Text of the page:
• Identify showstoppers earlier in the process
  • Amongst other things
LunchTurkey sandwich with a delicious oatmeal and golden raisin cookie. Took a walk. Missed Boston.1:02 PMFresh off a delicious lunch, it was Jen McGinn, Diana DeMarco Brown and Steve Krug's turn to talk about, "User Research for Agile Design and Development." McGinn and Krug outlined a hybrid of the RITE testing process and Krug's own method.
  • By holding test sessions remotely (Go-To-Meeting) session participation went viral – even unrequited department representatives participated
  • Require reps from key departments to attend
  • The right to provide session feedback is directly dependent on observation participation
2:01 PMJeremey Kriegel's "Sketch You Can!" workshop was one of the more interactive sessions on the day. We split into groups and learned about sketching to facilitate ideation. What level of fidelity is necessary, and how to practice thinking on your feet through some enjoyable improv-inspired exercises.3:03 PMThroughout the day, I had been looking forward to Vijay Hanumolu and Joanna Proulx's presentation on "Designing a Voice First (aka Screenless) User Experience." I can't say I've got a voice first experience coming down the pipe — but the idea of a conversation interface (think Apple's Siri) is exciting. Through their experience with a recent project they had a ton of insights for interfacing with a voice agent:
  • A voice experience is an infinitely vast, wide open landscape — no hierarchy, no visual queues, no signposts, no limits — scope accordingly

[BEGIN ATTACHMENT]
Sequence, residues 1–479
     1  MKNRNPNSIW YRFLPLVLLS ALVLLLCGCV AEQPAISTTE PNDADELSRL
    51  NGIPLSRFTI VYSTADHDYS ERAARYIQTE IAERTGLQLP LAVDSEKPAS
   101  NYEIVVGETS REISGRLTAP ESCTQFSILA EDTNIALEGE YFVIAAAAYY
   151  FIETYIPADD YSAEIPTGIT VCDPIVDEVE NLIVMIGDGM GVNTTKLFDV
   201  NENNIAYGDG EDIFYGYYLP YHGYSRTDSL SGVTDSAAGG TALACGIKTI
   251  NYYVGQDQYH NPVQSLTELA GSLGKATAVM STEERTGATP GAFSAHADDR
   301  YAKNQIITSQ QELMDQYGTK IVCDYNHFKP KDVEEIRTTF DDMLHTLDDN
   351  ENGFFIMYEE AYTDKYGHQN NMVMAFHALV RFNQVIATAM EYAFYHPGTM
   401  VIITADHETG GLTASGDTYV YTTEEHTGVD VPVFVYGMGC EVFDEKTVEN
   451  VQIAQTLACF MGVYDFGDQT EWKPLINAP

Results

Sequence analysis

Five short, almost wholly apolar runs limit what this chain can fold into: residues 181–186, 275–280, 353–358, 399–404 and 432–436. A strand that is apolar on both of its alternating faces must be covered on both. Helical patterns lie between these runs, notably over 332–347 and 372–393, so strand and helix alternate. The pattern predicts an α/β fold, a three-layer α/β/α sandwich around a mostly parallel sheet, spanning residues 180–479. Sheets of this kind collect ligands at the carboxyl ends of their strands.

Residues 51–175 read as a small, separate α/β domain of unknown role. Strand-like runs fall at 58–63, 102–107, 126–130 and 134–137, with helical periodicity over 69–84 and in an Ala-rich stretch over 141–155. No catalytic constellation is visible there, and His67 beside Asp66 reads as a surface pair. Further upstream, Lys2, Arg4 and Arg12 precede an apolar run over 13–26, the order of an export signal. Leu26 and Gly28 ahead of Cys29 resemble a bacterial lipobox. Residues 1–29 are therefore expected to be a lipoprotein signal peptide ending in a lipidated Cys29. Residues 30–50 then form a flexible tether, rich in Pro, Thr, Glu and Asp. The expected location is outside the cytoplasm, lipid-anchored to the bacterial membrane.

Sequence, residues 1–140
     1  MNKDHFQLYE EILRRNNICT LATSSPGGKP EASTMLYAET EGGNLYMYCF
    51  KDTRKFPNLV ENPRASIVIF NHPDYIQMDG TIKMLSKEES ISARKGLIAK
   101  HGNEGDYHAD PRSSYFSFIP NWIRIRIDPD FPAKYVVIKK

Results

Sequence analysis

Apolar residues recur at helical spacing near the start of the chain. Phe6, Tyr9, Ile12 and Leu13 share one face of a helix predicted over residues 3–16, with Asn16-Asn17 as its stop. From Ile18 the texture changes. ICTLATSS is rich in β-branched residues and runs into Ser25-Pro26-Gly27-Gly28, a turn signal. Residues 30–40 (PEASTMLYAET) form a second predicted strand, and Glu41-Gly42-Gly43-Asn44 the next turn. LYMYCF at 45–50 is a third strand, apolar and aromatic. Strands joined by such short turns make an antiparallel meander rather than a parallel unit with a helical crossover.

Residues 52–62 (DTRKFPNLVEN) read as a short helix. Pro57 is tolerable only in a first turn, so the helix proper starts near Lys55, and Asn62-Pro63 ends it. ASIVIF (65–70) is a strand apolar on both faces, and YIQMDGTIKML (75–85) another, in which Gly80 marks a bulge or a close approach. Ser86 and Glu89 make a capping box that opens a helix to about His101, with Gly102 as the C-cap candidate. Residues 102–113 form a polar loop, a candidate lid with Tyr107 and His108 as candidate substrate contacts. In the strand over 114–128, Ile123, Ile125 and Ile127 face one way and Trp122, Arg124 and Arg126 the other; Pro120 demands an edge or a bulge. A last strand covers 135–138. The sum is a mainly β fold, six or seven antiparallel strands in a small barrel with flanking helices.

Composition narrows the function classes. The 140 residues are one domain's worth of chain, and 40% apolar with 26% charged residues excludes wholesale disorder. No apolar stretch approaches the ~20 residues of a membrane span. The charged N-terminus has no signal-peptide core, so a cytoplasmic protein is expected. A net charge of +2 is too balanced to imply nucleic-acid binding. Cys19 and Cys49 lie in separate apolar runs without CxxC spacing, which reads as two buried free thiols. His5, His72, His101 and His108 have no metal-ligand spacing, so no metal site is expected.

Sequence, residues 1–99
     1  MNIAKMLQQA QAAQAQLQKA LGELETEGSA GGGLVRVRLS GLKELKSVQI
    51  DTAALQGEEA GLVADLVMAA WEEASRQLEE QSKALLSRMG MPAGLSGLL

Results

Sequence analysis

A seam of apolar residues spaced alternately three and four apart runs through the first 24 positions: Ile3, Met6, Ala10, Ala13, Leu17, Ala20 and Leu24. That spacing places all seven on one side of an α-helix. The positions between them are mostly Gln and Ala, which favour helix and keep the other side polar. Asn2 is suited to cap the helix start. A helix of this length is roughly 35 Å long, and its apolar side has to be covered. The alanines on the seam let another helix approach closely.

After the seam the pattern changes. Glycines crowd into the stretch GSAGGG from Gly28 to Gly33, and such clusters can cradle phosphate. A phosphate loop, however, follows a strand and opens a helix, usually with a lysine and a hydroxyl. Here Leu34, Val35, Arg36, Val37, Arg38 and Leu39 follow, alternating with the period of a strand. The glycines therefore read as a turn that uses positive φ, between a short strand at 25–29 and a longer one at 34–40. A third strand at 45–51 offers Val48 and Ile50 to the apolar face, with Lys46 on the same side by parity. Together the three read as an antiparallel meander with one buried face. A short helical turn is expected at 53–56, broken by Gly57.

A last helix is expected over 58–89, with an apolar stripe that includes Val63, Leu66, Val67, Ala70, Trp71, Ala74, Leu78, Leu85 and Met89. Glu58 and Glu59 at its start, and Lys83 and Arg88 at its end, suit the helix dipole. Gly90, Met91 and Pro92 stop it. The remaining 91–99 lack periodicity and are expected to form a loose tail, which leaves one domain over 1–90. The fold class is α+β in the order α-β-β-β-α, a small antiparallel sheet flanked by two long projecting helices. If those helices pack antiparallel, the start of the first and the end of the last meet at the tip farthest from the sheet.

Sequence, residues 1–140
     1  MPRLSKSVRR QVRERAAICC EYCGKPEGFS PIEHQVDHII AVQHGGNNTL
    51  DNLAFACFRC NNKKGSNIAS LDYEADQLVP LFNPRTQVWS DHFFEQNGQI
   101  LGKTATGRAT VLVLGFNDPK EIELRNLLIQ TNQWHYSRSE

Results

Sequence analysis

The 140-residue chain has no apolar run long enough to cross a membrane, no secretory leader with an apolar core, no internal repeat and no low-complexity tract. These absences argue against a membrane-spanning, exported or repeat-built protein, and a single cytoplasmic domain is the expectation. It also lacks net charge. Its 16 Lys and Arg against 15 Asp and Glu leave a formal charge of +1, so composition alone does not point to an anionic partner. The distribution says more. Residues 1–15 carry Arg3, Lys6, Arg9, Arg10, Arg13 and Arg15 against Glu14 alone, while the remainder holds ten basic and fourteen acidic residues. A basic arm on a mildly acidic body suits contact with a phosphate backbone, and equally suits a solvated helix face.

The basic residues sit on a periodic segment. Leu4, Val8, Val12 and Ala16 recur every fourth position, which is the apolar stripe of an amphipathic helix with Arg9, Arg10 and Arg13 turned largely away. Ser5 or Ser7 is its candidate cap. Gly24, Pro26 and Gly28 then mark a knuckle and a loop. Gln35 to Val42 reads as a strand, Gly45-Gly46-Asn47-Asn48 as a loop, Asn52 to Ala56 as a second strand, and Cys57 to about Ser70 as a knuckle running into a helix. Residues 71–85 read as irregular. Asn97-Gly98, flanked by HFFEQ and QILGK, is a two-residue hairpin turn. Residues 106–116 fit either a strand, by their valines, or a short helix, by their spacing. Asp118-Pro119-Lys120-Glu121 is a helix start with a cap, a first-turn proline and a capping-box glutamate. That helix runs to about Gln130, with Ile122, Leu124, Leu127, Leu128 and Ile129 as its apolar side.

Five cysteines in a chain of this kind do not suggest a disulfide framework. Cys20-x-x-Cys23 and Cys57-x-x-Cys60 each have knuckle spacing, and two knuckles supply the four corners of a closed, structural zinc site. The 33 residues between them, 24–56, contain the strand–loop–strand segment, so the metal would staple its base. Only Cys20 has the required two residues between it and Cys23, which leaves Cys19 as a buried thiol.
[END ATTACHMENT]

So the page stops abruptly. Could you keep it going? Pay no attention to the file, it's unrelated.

• Voice commands need context because, "we mean endlessly more than we say."
  • Make a persona for your voice agent: tone, mood, gender, all have an effect on users
  • Seeing is believing. Users need to build trust with the system before they are willing to trust it without looking at a screen.
  • The voice interaction model is not a layer that overlays a visual interface, it is its own journey
  • Prototype Old School: Use actors, scripts and paper prototyping to test the usability of the system — and practice before presenting
4:15 PMSkipped around between a few sessions — found a decaf coffee.5:15 PMIt wouldn't be fair, to say #UXPABos2013 saved the best for last — but the last talk was an exciting one for me. Jared Spool is (in my humble opinion) as close to a rock star as it gets in the industry. I was excited to learn about "Build a Winning UX Strategy with the Kano Model" — I knew a little about Noriaki Kano's model but his examples and anecdotes were fresh, and really helped ground my understanding of the Kano model. I walked away, and ended the day, with some great insights:
  • In UX, the collective community, often strives to fix frustration points by replacing them with satisfactory experiences. In a restaurant, that is like "striving to serve edible meals." Hardly a lofty goal, why not delight users through exceptional experiences?
  • As features and functionality that excite grow in popularity, and are more widely excepted, they become a basic expectation. These basic expectations do little to excite users, in fact they are simply expected — the only effect they will have is cause frustration if they are missing.
Later that night...Reflecting on a day that flew by — the conference had far too many fantastic tips, tricks, perspectives and insights to do justice in a single roundup. I'll definitely be back next year, and have already started to follow my favorite speakers on Twitter! I've put together a list below. UXPA Boston UX'ers to follow on Twitter:UXPA @UXPA_IntUXPA Boston @uxpabostonEva Kaniasty @kaniastySusan Mercer @susanamercerJason Stehle @jasonstehleJen McGinn @jenmcginSteve Krug @skrugJeremy Kriegel @sonarcVijay Hanumolu @vijju2kJared Spool @jmspoolOh yeah, and this guy @kurtgannon